On the Precipice of Something Great
I became interested in photographs of the Grand Canyon after I visited in 2019. I’d been several times before, but this time I felt something about the experience was incredibly sad. Standing in the group of tourists who had anticipated their visit, on the edge of the Grand Canyon. Although I took a few photographs with my phone, I found myself wondering why I would take the photos and what they mean. I also wondered if it was a mistake to go somewhere just to see a quick view, rather than to stay and understand a place. From the directed viewing platform it would be nearly impossible to take a photograph that didn’t look visually similar to the millions of other photographs. If I wanted to remember what it looked like, I could easily Google search the Grand Canyon and find many images indistinguishable from the one I would have taken. Or maybe there are differences that are more subtle in these photographs, that communicate an underlying connection to a particular temporal point. These questions prompted me to look through archives and amass a collection of Grand Canyon images and home movies.
The resulting collection says more about the history and viewing frame of photography and human relationships to nature than it says about the Grand Canyon. The images are from the American national archive collections, from the U.S. War Department (now called the Department of Defense), from famous photographers like Ansel Adams, from amateur home movies, as well as a few of my own photographs. In the past, this natural wonder was encountered during extreme expeditions into unknown territories, and it was even more exciting and awe-inspiring to be alone and to be one of the first people to see or photograph the Grand Canyon. But in the age of fast transportation and digital image capturing where everything is increasingly accessible, what does it mean to take a photograph of the Grand Canyon? Is it a symbolic gesture, a piece of a collection, or a mechanism used to ensure a mental image is captured? Does an increasing number of photographs existing mean that the original photographs change in significance? The project visually explores the cultivation of the photographic gaze.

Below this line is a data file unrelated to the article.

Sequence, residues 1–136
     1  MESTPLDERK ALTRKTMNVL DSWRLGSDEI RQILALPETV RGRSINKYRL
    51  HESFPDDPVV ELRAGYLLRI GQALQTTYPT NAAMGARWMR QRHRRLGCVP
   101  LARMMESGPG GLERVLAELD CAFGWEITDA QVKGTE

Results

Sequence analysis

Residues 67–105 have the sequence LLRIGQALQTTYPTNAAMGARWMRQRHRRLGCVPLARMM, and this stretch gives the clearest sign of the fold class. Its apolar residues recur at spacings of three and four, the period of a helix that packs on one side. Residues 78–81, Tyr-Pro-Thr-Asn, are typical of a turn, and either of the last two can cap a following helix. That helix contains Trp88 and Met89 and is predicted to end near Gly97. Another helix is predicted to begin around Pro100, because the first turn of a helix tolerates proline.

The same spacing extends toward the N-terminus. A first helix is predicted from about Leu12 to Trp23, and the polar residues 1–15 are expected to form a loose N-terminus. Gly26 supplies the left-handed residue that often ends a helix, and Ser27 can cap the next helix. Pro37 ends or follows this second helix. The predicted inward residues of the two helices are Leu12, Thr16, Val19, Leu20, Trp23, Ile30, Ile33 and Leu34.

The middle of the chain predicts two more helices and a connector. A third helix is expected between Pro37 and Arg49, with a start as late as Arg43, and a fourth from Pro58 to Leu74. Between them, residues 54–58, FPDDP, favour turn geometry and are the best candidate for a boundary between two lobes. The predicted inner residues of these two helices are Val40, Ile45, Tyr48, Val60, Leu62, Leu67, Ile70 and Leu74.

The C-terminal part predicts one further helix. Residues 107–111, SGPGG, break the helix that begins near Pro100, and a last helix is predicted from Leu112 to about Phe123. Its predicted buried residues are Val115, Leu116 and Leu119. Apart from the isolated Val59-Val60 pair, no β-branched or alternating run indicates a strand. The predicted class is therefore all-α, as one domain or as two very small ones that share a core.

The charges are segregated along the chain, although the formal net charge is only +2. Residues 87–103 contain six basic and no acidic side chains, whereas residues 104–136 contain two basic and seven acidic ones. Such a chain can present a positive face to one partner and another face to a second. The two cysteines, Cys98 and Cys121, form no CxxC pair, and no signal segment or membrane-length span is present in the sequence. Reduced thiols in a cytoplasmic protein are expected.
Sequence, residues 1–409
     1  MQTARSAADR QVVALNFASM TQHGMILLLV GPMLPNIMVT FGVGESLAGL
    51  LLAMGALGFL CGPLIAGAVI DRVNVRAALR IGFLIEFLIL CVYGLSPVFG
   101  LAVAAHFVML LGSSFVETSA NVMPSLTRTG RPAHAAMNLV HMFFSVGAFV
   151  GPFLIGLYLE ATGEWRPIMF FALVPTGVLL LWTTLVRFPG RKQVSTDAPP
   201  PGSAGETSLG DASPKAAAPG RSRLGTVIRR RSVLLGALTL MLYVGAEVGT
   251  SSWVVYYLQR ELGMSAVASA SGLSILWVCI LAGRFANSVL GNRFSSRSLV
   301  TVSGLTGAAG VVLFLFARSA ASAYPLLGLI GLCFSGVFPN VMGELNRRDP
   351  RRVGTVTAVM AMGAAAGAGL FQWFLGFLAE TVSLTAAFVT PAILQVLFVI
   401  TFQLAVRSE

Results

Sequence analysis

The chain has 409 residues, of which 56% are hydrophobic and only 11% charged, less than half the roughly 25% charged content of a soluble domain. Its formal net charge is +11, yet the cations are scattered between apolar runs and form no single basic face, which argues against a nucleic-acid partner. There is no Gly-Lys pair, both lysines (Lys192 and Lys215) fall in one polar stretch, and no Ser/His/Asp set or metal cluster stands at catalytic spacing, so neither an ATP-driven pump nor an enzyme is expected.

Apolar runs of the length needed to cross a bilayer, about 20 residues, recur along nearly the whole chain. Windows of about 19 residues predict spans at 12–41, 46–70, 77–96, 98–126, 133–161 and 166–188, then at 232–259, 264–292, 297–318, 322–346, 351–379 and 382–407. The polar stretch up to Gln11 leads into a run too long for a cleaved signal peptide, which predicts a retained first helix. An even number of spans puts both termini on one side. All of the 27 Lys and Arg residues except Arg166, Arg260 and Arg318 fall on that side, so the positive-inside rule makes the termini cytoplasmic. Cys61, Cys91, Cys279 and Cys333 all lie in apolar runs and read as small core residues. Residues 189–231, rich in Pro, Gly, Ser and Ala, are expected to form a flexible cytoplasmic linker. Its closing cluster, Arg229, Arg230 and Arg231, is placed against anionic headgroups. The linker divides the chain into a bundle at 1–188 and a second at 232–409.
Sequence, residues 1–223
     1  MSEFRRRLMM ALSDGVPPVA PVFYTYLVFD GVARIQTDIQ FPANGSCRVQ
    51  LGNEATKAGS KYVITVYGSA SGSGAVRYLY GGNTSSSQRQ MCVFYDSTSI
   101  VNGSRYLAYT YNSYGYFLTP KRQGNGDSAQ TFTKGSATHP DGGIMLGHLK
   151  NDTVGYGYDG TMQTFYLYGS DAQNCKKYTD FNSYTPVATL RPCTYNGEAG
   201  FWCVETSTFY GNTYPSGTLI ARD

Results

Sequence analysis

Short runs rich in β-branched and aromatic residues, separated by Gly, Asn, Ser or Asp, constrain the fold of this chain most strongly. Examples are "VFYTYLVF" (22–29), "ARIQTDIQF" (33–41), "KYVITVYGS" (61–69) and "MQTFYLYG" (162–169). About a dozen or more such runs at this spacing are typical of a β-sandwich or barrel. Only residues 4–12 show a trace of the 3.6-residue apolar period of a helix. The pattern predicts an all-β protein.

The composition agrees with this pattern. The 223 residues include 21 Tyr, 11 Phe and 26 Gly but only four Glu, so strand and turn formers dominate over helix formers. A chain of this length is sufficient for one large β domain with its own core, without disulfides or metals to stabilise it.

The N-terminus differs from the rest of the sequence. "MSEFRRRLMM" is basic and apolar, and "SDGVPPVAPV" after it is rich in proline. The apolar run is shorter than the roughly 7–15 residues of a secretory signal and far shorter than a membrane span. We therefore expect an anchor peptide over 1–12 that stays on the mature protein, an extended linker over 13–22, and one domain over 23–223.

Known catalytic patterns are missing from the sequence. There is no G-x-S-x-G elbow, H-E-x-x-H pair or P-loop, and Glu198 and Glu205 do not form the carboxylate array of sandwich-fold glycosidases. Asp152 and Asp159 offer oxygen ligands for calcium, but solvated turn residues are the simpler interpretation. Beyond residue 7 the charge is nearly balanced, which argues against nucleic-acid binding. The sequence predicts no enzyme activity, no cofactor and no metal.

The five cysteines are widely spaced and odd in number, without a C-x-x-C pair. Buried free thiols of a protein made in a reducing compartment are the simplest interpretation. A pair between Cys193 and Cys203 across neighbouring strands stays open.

The slow pan
Venturing a little too near the Yawning Chasm, 1903